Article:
Jorjani: The point is that in that game you ended up dealing with much more than you might have been handling, and that’s true for Cartel. There will be a lot of options going, a lot of back and forth between what happens in missions and what happens in planning. There will be internal power-struggles, and you will be able to try and handle that through killing them off with your squad, or handle it through diplomacy and strategic gameplay. That is up to you. And even if you were very focused towards action you could spend a lot of time working on loadouts and equipment.

RPS: So when do we get to see more? When will we see Cartel in action?

Jorjani: Once we are happy with the formula things could move rather quickly. The game could be ready in 12-18 months, but we need to happy with that formula. And that is what we are working on right now.

RPS: Thanks for your time.


  1. endintears says:

    Thank god for Paradox. And major props for the Pizza Tycoon reference, that game was ace.

    • Mollusc Infestation says:

      Ok, this is just getting creepy now.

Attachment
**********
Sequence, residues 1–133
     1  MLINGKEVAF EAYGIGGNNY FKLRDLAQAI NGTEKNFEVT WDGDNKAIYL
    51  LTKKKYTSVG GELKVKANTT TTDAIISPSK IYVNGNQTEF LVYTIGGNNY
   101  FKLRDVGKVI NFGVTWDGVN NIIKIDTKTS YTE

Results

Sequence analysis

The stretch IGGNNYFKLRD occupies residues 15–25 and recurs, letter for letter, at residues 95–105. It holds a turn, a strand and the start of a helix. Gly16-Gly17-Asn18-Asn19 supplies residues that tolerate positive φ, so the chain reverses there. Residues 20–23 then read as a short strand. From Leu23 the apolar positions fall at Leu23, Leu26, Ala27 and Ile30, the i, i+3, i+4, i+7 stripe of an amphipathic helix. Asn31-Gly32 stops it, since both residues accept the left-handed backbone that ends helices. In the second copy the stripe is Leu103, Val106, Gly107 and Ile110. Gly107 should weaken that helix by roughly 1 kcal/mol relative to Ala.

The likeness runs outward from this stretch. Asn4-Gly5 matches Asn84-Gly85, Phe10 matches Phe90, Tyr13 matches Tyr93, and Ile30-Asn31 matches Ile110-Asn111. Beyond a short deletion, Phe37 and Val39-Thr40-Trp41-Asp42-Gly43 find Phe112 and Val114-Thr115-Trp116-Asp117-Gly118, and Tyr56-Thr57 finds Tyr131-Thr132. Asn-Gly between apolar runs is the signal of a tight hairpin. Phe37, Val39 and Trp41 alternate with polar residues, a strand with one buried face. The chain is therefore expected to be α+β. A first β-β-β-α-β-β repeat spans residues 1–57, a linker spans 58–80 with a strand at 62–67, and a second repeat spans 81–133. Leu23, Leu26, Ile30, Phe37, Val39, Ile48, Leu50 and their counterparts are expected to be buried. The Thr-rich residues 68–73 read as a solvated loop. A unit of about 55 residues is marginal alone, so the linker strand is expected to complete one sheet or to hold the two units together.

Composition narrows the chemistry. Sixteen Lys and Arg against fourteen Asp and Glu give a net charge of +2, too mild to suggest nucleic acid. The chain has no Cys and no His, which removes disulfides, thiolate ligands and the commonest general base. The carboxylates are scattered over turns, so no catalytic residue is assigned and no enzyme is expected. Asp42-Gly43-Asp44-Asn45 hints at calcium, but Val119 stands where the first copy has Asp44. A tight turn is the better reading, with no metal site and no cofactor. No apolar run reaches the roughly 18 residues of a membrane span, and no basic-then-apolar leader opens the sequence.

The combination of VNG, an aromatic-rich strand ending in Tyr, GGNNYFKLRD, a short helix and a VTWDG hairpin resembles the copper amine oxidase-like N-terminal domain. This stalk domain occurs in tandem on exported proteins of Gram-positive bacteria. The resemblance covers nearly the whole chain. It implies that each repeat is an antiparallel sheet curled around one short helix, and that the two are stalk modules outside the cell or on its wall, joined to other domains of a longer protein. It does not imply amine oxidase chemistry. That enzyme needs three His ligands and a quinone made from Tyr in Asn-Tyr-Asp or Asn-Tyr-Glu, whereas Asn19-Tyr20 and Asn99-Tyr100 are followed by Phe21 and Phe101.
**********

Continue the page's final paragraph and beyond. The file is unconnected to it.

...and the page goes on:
• westyfield says:

      But it’s so polite!

      (The spambot, not endintears, for when the spam gets deleted).

    • Koozer says:

      Reminds me of an xkcd comic – when the spambots are forced to post useful comments, we win!

    • Mollusc Infestation says:

      I was reading it, thinking “this person really liked Pizza Tycoon. Oh wait.”

  2. Vexing Vision says:

    I now want to marry everyone at Paradox, or at least have wild, uninhibited love-making.

    • Tusque D'Ivoire says:

      they are pretty great. lots of love for the gamer. automatically mutual.

    • minipixel says:

      eheh after reading the news i can’t stop smiling :D

    • Mad Hamish says:

      They do say all the right things don’t they.

    • Peter Radiator Full Pig says:

      I just got a great idea, Im going to remake pizza tychoon into an MMO.
      I wrote that, and got sad. Because someone probably will.
      Invite 10 friends to unlock pepperoni!

  3. Belsameth says:

    I so love Paradox. For that reason alone I buy every Magicka DLC that they release. Even if I don’t play anymore.

    Their products might not be AAA in execution but they generally more then make up for it in passion and gameplay.

    Edit: +1 to what Vexing above me said :)

  4. jellydonut says:

    awesome. i will be buying BOTH this and starbreeze’s game. i don’t mind FPS syndicate. i like both.